DescriptionWe report on an experimental study where human subjects (N=176) had to take decisions in ten game-like situations that highlight different aspects of cooperation (generosity, trust, trustworthiness, free-riding, division of labour, coordination, punishment). In a first step, we confirmed earlier findings that individuals differ in “cooperativeness”: there is considerable behavioural variation within each game and the behaviour across games is strongly correlated. As in other experiments with a different set-up generosity, trust, and trustworthiness are positively correlated, and these behavioural tendencies were not correlated with the tendency to punish non-cooperators. In a second step, we investigated whether, when and how individuals behave differently in a “personalized” setting (after having seen a neutral silent video of their interaction partner) than in an anonymous setting. Personalisation did indeed have a systematic effect: our subjects were more cooperative toward interaction partners who, on basis of their face pictures, had been judged generous, trustworthy, not greedy, attractive, happy, and not angry by a separate panel. Hence, the appearance of one’s partner clearly affects behaviour in cooperation games. In a third step, we analysed whether subjects that elicited cooperative behaviour in the personalisation test tended to be more cooperative in the experiment themselves. Here, no clear conclusion could be drawn: the actual cooperativeness of subjects in the games was only weakly and inconsistently correlated to their face judgments by a separate panel and to the behaviour they elicited in the personalisation test.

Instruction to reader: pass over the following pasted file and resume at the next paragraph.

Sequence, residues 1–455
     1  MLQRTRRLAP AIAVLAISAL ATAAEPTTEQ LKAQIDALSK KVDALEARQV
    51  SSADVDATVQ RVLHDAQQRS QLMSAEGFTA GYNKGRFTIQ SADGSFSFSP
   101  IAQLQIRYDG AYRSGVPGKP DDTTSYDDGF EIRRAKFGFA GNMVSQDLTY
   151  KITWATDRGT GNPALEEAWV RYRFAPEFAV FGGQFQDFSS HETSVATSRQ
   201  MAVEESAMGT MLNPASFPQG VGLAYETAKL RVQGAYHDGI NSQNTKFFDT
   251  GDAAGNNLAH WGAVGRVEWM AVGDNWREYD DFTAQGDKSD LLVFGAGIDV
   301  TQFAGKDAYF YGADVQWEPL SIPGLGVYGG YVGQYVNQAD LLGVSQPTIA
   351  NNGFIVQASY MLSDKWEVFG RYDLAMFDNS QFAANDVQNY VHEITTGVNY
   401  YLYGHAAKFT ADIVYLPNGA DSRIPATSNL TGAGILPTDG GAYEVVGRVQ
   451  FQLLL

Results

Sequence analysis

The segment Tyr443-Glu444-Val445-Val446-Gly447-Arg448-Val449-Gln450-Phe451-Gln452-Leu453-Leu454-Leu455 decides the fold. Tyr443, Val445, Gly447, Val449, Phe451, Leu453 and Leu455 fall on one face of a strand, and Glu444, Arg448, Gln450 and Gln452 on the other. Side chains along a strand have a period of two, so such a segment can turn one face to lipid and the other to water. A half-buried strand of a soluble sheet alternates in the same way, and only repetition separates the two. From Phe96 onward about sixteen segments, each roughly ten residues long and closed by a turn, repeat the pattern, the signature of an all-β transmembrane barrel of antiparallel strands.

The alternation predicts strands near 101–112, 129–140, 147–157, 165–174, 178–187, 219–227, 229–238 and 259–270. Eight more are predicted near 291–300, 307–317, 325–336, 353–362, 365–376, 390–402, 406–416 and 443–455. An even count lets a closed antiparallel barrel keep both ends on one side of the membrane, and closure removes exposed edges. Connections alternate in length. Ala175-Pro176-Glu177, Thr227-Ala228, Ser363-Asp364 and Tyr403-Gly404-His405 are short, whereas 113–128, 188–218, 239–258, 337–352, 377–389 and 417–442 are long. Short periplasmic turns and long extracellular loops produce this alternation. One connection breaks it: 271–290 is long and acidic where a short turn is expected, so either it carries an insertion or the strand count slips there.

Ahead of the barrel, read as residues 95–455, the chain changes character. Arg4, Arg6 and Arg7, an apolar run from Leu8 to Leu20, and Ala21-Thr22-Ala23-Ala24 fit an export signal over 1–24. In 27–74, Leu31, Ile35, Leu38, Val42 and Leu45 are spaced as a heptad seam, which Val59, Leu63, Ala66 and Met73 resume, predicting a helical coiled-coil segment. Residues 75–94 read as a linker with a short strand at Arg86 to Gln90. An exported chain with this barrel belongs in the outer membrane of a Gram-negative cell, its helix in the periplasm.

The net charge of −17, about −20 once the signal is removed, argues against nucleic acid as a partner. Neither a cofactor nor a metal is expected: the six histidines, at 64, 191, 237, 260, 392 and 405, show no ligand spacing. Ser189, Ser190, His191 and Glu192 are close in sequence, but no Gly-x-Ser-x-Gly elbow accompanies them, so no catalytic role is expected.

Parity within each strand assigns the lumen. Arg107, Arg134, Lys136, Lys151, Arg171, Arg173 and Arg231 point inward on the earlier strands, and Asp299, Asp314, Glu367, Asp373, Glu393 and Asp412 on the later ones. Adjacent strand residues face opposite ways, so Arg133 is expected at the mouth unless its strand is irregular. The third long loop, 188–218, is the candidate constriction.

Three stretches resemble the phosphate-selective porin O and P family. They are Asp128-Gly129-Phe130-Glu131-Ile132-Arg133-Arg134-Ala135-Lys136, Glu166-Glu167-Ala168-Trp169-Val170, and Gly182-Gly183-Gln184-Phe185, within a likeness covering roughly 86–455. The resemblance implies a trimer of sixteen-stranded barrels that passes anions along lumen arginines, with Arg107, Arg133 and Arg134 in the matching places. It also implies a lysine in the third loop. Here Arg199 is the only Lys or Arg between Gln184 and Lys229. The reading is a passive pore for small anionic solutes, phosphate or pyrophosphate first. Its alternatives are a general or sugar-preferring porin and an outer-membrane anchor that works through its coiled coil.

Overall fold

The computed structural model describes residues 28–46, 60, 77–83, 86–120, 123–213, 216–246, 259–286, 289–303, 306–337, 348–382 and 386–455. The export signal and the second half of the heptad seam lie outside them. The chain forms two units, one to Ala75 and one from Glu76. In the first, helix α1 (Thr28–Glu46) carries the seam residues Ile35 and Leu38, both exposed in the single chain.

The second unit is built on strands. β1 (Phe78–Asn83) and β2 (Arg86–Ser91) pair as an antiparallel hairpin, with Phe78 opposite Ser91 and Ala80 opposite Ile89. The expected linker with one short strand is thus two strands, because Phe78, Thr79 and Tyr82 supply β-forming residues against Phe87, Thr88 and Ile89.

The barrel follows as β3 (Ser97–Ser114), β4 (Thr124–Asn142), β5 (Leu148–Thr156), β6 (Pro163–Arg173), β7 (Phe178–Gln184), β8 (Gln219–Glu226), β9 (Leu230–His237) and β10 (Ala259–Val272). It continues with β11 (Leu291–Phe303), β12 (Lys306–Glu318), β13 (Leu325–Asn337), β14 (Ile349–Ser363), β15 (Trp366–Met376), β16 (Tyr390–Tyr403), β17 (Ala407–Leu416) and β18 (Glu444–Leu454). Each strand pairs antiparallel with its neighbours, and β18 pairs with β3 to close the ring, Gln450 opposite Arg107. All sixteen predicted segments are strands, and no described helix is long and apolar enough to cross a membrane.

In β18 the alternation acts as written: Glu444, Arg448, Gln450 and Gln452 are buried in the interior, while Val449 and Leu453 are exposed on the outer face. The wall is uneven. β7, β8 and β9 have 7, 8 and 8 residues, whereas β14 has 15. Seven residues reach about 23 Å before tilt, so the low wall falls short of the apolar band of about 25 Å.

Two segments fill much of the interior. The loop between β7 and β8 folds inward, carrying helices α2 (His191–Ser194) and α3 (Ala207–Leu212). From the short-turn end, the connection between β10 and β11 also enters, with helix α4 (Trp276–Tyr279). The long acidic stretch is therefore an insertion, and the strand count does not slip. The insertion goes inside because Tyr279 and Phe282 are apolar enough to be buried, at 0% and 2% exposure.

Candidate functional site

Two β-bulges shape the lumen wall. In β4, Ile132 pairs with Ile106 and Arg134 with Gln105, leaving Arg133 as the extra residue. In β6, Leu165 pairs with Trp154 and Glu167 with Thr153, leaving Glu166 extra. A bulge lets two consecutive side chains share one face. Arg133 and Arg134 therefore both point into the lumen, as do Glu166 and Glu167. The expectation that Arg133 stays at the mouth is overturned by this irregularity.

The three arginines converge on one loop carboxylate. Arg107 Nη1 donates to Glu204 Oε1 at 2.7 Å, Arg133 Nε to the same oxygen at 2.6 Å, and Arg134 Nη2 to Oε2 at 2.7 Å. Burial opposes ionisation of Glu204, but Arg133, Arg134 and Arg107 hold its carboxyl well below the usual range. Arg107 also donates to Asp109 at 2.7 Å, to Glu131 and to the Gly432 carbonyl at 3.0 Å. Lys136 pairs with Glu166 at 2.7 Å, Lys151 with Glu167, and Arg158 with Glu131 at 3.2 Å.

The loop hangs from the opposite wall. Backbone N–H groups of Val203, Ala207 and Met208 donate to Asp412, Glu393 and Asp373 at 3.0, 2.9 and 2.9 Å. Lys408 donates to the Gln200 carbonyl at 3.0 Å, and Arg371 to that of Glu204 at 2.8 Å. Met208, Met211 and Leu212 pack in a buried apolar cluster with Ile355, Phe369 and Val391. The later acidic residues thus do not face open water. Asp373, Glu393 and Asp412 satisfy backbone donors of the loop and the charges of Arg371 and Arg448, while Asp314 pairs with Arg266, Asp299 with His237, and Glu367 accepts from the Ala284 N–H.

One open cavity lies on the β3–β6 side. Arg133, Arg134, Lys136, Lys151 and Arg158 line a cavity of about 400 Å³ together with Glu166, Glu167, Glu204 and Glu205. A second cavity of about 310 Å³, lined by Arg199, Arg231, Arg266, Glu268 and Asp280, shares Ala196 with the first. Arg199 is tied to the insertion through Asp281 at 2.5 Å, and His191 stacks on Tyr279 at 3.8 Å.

|Evenementstitel||International Society for Behavioral Ecology Congress 2022|
|Locatie||Stockholm, SwedenToon op kaart|
|Mate van erkenning||International|
Documenten & links
The evolution of adaptive response mechanisms